Weekend Warriors’ are something of an ongoing contentious debate among the professional and semi-professional photographers that has been raging on for more than a few years. For example “The Undercutters” by Mick Cookson or Dan Casson’s Investment (Pricing) page. However, there is no apparent definitive accepted definition (but I am happy to be corrected). Sometimes I see Weekend Warriors used as a term to embrace ‘all’ photographers who do other jobs, i.e. all semi-professional photographers. However, for myself I prefer the definition of anybody who runs their photography business knowingly or or unknowingly as a hobby or side line to their main form of employment. This happens when the services or products they offer are priced too low to sustain the business in it’s own right and has to be sustained by income generated from their other work. It’s this last type of semi-professional that full time professional photographers naturally find quite irksome – obviously, particularly when it comes to weddings.
“Yeah? So what? What’s the big issue? That great! Pro’s charge too much anyway.”
Well there are a few issues and it’s not just about money, but money is a critical factor.
So what’s happening? One big factor is that high end digital camera’s and good mid range cameras have become more affordable. This means there is a greater number of individuals with digital camera and lens/es able to get a good image quality and certainly a few who may feel that regardless of whether they have ever held a camera before they are suitably equipped to be a professional photographer. Okay, I am admittedly perhaps overstating the case and there is a lot of grey areas between this type of individual and professional photographer. The problem though is that photography is a skill with far more to it than just pressing the button. No matter how intelligent the camera (or how much the blurb the camera manufactures want you believe). Cameras still can not do lots of the simple things, for example composition, posing individuals and groups, getting the light right, people skills (essential for weddings) and other things which are totally independent of the camera. While there is something to be said about natural talent, there’s still a host of things to learn. Consequently if you hire somebody who is cheaper you might find that the experience and/or photo quality will be not as expected compared to professionals and semi-professionals who have invested time and money into training and personal improvement.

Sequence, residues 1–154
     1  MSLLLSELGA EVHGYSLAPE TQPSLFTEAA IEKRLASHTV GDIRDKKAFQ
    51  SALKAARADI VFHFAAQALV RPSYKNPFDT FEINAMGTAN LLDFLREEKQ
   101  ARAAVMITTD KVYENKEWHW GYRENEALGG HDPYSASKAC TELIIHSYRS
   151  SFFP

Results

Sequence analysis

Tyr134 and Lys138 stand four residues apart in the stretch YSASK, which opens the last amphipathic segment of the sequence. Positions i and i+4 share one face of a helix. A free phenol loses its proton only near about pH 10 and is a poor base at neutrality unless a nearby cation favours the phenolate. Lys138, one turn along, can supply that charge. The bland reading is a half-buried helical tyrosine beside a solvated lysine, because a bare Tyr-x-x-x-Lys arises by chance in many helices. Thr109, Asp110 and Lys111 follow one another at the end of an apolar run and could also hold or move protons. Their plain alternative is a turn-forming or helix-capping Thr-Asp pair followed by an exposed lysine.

“But you are professional so you would be taking that view.”
Actually, I should mention at this point that I am a semi-professional (#more). Just not a ‘weekend warrior’ – for good reason. I have to regard my photography business as a business, not a sideline. I would be remiss to any client if I did not run my photography business as a self-sustaining business in its own right, using income generated through the photography to keep it running and then improving the business and my own photographic skills (I have been a photographer for over 20 years and I am always finding there is more to learn!). If I ran the photography as a sideline, it would become rapidly unsustainable, because to just keep it going would need constant top-ups from my other employment as there are lot of costs to running a business generally and others specific to a photography business. E.g. insurance, tax, website, membership to professional bodies, cost of archiving photos, maintaining and upgrading equipment and software, to mention a few. For professionals that’s on top of making enough live on and feed a family.
So where does that leave you? When it comes to wedding photography, you really need to ask yourself what you really want out of it. Professional photographers prices themselves to make ends meet, but you should be assured of a professional service, ability to make the best of virtually all conditions, quality results and fantastic images. Photographers who will shoot a wedding cheaply tend to fall into one of several categories:
a) Newly started. Photographers just starting out and needing to develop their portfolio, exposure and experience. To do that they may have already done some second shooting for other more experienced photographers or relied on other experience. Ideally they should be able to show you some sort of previous work of theirs, but you take the risks of potentially poor image quality, that they don’t know how to behave at weddings or that they will not be able to cope with everything that the day might throw at them (camera’s packing up, heavy rain, crowd control, etc).
b) Point, shoot and burn to disk. Considering the amount of time a photographer spends upfront in consultation and after the wedding editing the photos and delivering a superb album. Editing which can easily take several days. The only way a photographer can make this cheaper is not to do this at all and just provide you all the images without editing. One problem here is that quite often couples who have only got the digital files forget about them and never do anything with them then years down the line regret not getting an album at the time and the images won’t have that professional edge.
c) Weekend Warriors. They may even be great photographers, but you run the risk that the individual is not keeping their equipment maintained (loss of image quality/chance of equipment failure), they are not insured and don’t belong to any professional society and therefore an agreed code of professional conduct. Amongst things.
For me wedding photography is an investment into a momento of the day that catches all the joy and emotions as great images you will enjoy and appreciate for years to come.
# – At the point I started the business I didn’t know I which way it would go. As it is I’ve ended up as a photographer which satisfies my creative streak and as a Learning Technologist which satisfies my academic/technical side.